(NEWSY) It's been 200 years since Francis Scott Key wrote the words to the iconic song that is performed everywhere from middle school assemblies to the Super Bowl. Yet despite it's vintage, "The Star-Spangled Banner" still holds the power to unite a nation - even if we don't love every rendition we hear.
While everyone tries their best to do the song justice, there are some performances that stay with us. In the song's 200 year history, it wasn't until the last 50 years or so that musical artists began putting their own signature on the classic ballad - which garnered mixed reactions.
"Some thought it was brilliant, others considered it disrespectful," according to NBC.
One such performance came from Whitney Houston at the 1991 Super Bowl. Giving one of the most memorable National Anthem performances of all time, Houston's rendition came at an important time for the country.
"With America immersed in the Persian Gulf War, the song was more than a prelude to a game. It spoke to a nation," the Wall Street Journal reported.
The electric performance was so popular, Houston's record label put it out as a single and upon its release it climbed to the top 20 on the Billboard charts.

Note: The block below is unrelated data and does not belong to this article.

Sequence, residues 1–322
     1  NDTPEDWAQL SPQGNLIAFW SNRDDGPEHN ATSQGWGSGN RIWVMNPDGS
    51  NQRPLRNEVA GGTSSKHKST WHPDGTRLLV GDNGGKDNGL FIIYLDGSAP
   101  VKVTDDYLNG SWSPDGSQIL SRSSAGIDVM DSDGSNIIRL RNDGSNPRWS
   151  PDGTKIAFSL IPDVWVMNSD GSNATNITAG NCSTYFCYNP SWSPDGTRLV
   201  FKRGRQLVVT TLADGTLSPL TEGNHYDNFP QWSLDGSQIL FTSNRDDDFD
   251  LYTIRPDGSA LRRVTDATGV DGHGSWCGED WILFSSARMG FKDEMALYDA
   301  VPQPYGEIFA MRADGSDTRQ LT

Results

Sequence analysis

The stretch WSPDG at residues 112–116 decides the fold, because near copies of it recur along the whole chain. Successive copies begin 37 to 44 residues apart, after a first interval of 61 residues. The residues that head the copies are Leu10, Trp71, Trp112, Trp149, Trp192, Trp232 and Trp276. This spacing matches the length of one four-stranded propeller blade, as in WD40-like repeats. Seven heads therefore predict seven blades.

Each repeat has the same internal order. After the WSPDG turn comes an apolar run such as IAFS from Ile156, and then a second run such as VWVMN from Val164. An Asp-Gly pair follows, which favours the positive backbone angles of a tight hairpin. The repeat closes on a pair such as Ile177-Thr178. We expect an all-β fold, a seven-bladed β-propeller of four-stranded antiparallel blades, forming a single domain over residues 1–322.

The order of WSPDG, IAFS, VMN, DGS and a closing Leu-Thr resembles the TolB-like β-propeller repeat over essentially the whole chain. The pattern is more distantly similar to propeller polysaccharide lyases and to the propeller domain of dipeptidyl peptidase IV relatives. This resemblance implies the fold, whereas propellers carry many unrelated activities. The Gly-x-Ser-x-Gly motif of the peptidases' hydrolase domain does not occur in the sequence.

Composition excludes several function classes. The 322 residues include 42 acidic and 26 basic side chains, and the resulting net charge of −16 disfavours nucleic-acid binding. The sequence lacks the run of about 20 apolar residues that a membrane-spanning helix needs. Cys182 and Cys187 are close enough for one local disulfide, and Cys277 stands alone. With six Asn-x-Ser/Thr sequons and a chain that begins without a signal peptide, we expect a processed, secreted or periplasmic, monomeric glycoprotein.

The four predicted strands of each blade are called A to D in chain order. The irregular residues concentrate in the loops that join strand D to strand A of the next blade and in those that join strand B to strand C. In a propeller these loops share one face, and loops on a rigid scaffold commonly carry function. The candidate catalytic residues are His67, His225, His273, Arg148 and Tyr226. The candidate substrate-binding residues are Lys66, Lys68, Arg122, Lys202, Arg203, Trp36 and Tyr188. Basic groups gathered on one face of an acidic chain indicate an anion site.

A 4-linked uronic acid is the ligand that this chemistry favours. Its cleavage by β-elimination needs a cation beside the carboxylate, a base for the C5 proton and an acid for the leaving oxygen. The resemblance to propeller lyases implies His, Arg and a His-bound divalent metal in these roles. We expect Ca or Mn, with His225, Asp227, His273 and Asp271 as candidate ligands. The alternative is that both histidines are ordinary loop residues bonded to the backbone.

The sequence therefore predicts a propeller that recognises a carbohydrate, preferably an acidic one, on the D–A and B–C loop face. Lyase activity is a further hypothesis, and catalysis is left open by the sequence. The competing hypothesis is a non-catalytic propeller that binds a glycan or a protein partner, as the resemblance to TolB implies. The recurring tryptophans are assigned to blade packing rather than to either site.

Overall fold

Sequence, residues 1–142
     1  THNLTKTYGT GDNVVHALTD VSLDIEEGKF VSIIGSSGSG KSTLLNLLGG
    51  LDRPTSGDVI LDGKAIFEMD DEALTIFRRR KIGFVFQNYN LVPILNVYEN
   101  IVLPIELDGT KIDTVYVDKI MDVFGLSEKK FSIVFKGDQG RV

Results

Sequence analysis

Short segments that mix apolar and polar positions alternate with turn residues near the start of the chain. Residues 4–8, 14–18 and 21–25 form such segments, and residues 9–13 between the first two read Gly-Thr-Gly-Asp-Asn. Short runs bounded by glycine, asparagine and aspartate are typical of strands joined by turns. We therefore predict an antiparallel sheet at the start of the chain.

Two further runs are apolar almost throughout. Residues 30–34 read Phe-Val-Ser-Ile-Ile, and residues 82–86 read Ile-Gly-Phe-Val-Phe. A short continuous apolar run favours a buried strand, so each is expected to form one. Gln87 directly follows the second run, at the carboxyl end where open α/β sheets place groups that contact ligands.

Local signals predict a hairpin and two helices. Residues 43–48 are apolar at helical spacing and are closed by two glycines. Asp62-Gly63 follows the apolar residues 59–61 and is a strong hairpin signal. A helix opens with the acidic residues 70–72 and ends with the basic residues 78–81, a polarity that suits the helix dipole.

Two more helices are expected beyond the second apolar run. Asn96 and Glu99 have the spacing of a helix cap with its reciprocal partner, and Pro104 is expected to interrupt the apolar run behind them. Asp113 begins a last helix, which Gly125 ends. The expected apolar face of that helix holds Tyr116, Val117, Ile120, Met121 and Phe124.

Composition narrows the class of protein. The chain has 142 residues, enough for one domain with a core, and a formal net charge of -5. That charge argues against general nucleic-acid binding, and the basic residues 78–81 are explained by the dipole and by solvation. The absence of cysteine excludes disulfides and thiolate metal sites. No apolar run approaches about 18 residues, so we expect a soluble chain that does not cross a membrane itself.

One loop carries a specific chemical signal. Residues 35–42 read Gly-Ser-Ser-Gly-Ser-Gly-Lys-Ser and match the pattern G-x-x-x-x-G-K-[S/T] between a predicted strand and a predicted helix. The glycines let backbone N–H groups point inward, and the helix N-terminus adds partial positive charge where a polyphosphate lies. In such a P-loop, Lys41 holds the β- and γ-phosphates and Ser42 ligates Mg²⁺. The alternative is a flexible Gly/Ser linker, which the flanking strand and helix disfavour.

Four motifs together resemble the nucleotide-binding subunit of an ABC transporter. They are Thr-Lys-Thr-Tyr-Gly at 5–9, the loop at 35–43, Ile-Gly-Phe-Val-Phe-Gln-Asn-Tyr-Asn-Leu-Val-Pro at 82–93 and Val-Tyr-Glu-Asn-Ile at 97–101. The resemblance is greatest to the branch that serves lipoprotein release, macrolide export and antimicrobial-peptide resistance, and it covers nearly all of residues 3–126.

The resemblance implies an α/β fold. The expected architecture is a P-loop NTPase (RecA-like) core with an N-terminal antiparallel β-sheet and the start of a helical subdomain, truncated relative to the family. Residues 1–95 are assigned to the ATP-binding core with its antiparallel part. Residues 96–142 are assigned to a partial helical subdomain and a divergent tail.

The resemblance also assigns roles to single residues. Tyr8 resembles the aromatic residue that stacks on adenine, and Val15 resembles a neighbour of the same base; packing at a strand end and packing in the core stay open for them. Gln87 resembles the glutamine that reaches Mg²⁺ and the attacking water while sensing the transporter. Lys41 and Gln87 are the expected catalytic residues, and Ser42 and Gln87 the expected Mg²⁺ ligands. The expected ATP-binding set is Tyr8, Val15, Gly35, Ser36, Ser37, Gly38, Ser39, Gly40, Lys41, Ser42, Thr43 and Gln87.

"It may well be, with the exception of her version of Dolly Parton's, 'I Will Always Love You,' the most remembered thing about her," Billboard magazine editor, Danyel Smith, told ABC News.
But if there's a mark against Houston and her Super Bowl 25 Star-Spangled Banner performance, it's the controversy over whether or not the singer was lip-syncing, Smith said.
Which brings us to another famed performance, which unlike Houston's rendition, was live and remarkably bizarre. The artist in question? Jimi Hendrix.
"Jimi Hendrix reinvented it from top to bottom as a showcase for what could be done with extreme, high-volume electric guitar distortion, his riffs often interpreted as mimicking weapons explosions and bombs dropping from the sky," Rolling Stone wrote of the guitar god's Woodstock performance in August 1969.
While the performance received harsh criticism and left members of the audience clearly stunned by his revamp, it is certainly one of the most iconic versions of the 200-year-old anthem.
Marvin Gaye also took his turn at the Star Spangled Banner, but not the way anyone imagined. The Motown legend shocked the audience and the nation with his soulful rendition when he performed the classic in 1983.
"Gaye did handstands on the anthem's proper stylistic plank," Grantland wrote of the re-imagined performance.
For a song that is performed literally hundreds of thousands of times all over the country, every year it's impressive to be able to stand out in the crowd.
Which artist's version is your favorite rendition? Let us know in the comments.
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